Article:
We are all worth more than this.

Mortality, and catching up, almost

Settlers is done. Not yet submitted, but done. The excitement begins.

I have been largely underground and thus was remiss in not mentioning a couple of things, though those of you that read the other Homeless Moon journals already saw this.

The folk at The Homeless Moon and I — that would be [info]jsridler, [info]scott_h_andrews, [info]boonofdoom, and [info]justinhowe — decided last year to put together a chapbook of our work. Most of them are being much more clever in their descriptions of this undertaking, but it’s 2:30am and I want to go to sleep. So I’ll just say that some of the initial proposal for the chapbook was to show what we could do to the big ol’ world, but mainly we just wanted to put together some stories and appear in the same publication, something that, barring blackmail or other unsavory tactics, was not likely to happen fast enough for our chum-like impatience.

John Klima very kindly blogged about the chapbook on the newly-revealed Tor.com — looks like a snazzy site indeed, breaking many a mold for previous expectations of online speculative fiction fare.

Anyway, re the belatedly mentioned chapbook, I’m honored to be sharing page-space with these stories, and you can, as the site page says, download an electronic copy of the chapbook for free if you weren’t lucky enough to snatch a copy at ReaderCon.

Speaking of which, I was not there. I neglected to mention that here, and in particular I owe an apology to [info]elenuial, whom I conned into applying for Odyssey and should just now be recovering from the shell-shock of the six week experience. I’d intended to go to ReaderCon and harass various folk — [info]lesser_celery, [info]cristalia, [info]time_shark… I shouldn’t have started to name names, there are many more. But. 2am. Visa issues and Canadian Immigrations put the abrupt kibosh on this plan, causing [info]jsridler and I to forfeit our already-paid-for Pricelined hotel, and more irritatingly to miss the con and the opportunity to see rarely-seen folk and hang out with the HM guys for a few days. We are also not at TNEO due to the chaos of preparing to move out west. Next year, however, all of this will be corrected. I understand ReaderCon was pretty cool, as always, and congratulations to those who pulled Rhyslings or one of the new shiny Shirley Jackson awards.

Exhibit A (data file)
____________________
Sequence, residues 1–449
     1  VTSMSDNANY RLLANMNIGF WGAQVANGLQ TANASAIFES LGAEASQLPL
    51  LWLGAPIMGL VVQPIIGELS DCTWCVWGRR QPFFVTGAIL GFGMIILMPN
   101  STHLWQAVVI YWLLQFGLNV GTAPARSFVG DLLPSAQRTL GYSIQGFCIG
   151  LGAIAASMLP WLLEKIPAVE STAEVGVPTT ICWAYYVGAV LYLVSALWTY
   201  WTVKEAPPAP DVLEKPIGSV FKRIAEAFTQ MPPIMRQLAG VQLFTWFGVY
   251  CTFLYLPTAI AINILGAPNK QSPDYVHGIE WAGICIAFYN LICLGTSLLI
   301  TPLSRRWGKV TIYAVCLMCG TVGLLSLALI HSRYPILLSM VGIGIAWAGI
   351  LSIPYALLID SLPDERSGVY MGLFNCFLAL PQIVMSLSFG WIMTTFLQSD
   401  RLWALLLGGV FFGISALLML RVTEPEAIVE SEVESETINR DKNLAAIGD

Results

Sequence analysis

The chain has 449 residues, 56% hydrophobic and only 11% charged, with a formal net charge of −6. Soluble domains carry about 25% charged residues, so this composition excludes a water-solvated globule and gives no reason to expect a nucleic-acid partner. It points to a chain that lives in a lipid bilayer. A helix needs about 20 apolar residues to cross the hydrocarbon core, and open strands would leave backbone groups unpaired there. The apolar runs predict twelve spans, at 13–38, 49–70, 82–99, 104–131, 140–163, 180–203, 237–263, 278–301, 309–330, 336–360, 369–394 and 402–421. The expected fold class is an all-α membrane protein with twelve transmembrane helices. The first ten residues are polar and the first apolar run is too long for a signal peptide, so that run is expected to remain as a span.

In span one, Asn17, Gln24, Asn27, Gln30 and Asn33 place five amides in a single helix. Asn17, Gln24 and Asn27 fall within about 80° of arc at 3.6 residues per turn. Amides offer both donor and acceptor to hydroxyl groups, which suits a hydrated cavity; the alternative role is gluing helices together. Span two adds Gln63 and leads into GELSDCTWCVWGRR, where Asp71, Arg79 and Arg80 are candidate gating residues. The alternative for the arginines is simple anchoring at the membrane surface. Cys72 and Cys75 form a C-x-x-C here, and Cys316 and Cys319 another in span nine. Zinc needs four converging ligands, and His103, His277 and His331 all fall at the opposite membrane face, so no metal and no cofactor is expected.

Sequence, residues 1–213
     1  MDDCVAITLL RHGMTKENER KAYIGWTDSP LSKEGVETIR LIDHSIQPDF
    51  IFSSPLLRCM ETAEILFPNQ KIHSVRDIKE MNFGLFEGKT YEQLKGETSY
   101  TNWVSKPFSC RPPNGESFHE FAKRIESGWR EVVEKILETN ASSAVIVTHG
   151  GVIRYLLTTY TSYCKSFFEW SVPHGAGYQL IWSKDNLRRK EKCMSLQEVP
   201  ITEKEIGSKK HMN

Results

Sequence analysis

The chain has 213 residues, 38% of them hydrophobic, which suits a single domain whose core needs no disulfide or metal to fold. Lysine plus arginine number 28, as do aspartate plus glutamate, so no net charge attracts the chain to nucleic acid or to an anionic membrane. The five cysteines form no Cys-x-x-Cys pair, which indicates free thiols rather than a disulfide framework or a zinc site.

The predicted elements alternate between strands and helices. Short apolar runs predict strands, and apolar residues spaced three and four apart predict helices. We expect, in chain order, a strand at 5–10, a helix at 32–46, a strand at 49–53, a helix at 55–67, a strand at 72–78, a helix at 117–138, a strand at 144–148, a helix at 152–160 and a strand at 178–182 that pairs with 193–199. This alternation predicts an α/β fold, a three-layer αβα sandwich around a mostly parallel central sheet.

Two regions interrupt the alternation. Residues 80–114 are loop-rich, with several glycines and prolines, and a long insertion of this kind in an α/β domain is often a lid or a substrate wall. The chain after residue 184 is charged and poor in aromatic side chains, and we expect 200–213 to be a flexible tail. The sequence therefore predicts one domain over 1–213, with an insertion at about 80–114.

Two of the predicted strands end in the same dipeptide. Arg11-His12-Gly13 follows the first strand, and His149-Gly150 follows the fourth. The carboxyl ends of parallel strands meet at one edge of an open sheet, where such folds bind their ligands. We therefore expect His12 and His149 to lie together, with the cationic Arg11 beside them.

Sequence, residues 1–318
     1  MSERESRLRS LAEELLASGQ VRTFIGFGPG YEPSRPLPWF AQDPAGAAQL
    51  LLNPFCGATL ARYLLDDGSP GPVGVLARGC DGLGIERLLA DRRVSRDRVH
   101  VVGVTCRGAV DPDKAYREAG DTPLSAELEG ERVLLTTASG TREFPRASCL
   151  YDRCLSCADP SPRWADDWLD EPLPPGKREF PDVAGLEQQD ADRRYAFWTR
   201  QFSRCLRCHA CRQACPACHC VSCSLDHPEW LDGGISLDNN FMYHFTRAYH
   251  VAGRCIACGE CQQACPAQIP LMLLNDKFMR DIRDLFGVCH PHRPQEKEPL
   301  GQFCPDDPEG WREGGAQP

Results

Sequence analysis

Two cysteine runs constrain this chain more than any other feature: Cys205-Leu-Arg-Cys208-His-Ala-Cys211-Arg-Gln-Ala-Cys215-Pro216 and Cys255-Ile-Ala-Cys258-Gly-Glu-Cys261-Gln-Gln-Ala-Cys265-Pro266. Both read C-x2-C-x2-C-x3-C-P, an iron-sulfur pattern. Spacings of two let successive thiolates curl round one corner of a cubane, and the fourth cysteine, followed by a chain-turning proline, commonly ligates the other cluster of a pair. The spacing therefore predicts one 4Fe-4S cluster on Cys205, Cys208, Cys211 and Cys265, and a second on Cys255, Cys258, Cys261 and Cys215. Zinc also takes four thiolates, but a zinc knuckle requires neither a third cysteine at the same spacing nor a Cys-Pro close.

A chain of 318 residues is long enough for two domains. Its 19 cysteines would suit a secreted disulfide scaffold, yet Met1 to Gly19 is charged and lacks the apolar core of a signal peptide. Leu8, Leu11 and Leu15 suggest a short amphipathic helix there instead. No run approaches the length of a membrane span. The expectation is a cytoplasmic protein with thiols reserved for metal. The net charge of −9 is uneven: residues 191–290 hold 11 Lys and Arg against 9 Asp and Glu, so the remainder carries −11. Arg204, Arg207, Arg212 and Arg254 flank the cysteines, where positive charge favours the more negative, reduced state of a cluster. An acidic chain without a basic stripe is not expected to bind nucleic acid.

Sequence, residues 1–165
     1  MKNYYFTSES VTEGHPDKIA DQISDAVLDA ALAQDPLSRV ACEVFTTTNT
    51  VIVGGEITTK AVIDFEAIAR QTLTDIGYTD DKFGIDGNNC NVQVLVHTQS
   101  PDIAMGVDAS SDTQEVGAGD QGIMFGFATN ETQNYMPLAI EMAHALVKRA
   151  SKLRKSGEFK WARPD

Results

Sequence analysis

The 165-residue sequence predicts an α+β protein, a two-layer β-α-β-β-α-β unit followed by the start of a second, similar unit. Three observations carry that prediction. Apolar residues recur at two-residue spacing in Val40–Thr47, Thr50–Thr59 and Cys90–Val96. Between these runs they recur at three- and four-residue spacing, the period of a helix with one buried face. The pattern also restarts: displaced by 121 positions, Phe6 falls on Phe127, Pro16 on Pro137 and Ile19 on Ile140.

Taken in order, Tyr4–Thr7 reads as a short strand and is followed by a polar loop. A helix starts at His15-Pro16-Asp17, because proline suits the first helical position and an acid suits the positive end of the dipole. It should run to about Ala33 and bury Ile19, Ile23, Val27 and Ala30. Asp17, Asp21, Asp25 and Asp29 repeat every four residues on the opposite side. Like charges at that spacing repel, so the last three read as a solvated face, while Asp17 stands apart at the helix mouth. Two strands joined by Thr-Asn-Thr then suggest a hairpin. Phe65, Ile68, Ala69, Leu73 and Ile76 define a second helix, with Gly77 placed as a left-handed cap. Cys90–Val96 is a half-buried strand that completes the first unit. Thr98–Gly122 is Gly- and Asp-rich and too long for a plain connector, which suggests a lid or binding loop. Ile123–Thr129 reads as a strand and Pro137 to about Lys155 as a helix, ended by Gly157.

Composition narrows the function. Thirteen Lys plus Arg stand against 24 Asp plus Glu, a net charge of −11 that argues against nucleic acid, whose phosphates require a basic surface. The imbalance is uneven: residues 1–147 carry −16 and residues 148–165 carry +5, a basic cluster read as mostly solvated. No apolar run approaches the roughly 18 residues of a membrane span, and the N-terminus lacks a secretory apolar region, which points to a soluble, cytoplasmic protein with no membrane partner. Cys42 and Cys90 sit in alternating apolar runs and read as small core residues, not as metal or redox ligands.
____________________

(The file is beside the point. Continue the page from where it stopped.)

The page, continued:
More updates when I have had sleep. A parrot update is long overdue, with photos of Smeagol’s semi-new cage. Vasya is in her annual summer super-molt, but recently began voluntarily taking baths, almost, and has polished up her beak. I wonder who she’s trying to impress.

A particular greenbottle fly has been buzzing around here for the past three days, being generally annoying and doing its fly thing, bouncing off monitors, chasing food, etc. About an hour ago I heard a persistent buzzing; it had kamikazed itself into my coffee cup from this morning and was in the process of noisily drowning. A-ha, I thought; nature at work. The stupid irritating buzzing will be no more.

Then in about two seconds I sighed and realized I was not in fact going to let it come to a messy end in stale coffee and non-dairy creamer. So, without much help from the fly itself, I fished it out on a second attempt with the end of my pen.

It has been fastidiously drying its wings, perched on a copy of Julian Dibbell’s Play Money, for the last hour. I have named it Steve.

Determined to foment a rebellion 2008-06-17 18:39:22

So, I am sitting here in my silk kimono robe (don’t get too excited, I’m also wearing a t-shirt and jeans) and my slippers and I’m feeling very writerly. It’s a nice feeling considering that over the past few days I’ve been going through one of those crises of conscience about what constitutes “important” writing (thanks, Time book). But now I have to go buy groceries. It’s a glamorous existence.

Sometimes, though, there is praise. The writing life is enough of a persistent beatdown that I am always shocked when this happens.

First, Kieron Gillen enjoyed “Slave to the Beat”, which went up a week ago and I kind of forgot to tell you folks about (oops):

Erin Hoffman writes about Audition Online for the Escapist. I’ve played a little of this MMO rhythm action game, and went away a tad depressed, but Erin goes completely native in an entertaining fashion. I’m probably alone in my wish for an actual game-of-the-film Audition though, in a kirri-kirri-kirri kind of way.

Kieron recently made yet another top-game-journalists list; he’s certainly one of the better guys working in the field, so anything from him feels like high praise while I trudge along as a sort of confused non-game-journalist.